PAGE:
Re:First fanboy alert. (1)

taniwha (70410) | more than 6 years ago | (#23533813)

I don't have one but I have helped my kids jailbreak their iTouches - you use ssh in the process (they even use sshfs with Amarok to load music into them) - so I'd guess if you're looking for a smart phone with ssh an iPohne would be a natural response

Re:First fanboy alert. (3, Funny)

Concerned Onlooker (473481) | more than 6 years ago | (#23533823)

You've really got some issues. Lighten up.

Re:First fanboy alert. (4, Interesting)

vic-traill (1038742) | more than 6 years ago | (#23533921)

When I read the headline, I thought "I wonder how long it's going to take for some fanboy to recommend the iPhone, despite the fact that it doesn't have a keyboard & is inferior for text entry compared to say a blackberry

Different Blackberry models have different keyboards. To call the iPhone keyboard inferior for text entry as compared to a Blackberry is to ignore the different performance characteristics of different Blackberry keyboards.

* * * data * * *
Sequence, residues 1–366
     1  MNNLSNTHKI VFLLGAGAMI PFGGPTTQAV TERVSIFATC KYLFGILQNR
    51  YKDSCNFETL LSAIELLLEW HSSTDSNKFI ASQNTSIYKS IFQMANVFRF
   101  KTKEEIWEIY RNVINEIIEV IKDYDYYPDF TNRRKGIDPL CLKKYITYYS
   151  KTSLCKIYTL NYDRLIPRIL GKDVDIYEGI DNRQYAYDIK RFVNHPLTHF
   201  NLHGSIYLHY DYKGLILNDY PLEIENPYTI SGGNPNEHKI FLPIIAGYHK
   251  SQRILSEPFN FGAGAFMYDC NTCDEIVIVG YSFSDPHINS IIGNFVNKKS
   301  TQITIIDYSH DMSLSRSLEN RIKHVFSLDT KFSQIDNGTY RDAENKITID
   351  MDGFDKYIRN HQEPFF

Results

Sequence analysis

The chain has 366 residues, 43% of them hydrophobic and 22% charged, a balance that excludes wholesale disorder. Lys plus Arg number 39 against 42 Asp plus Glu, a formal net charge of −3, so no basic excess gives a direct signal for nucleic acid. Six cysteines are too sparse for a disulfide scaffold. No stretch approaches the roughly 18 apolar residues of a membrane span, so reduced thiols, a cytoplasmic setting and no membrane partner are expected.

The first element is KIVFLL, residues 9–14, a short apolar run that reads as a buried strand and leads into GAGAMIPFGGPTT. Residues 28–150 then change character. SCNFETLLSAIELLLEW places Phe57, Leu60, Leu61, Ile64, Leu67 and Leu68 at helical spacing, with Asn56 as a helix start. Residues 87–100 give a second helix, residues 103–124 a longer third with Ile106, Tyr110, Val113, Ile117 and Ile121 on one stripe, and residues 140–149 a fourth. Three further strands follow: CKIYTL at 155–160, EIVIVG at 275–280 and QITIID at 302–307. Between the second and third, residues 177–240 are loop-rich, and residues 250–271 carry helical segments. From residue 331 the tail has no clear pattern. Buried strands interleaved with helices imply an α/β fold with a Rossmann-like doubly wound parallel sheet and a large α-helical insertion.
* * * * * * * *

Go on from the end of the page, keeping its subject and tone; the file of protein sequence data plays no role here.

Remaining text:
I'm on my third B/B (7250, 7280, 8830) and of the three the current keyboard - on the 8830 - is the best for me. But I know people at work for whom this isn't the case, the particular bevelling of the 8830's keyboard hindering them rather then helping.

I have limited typing exposure to the iPhone, but a tonne of Blackberry keyboard time under my belt, some good, some significantly worse.

Note that the B/B Pearl is an entirely different beast, and if you're comparing residential (i.e. non-commercial/business) market phones, you'd could arguably end using the Pearl as RIM's entry.

I've yet to see a truly comprehensive test of keyboard usability across smartphones. Here's an individual who seems to do pretty well on both a B/B (a 7250?) and an iPhone http://www.youtube.com/watch?v=vsUPYmUzYXA&feature=related [youtube.com] .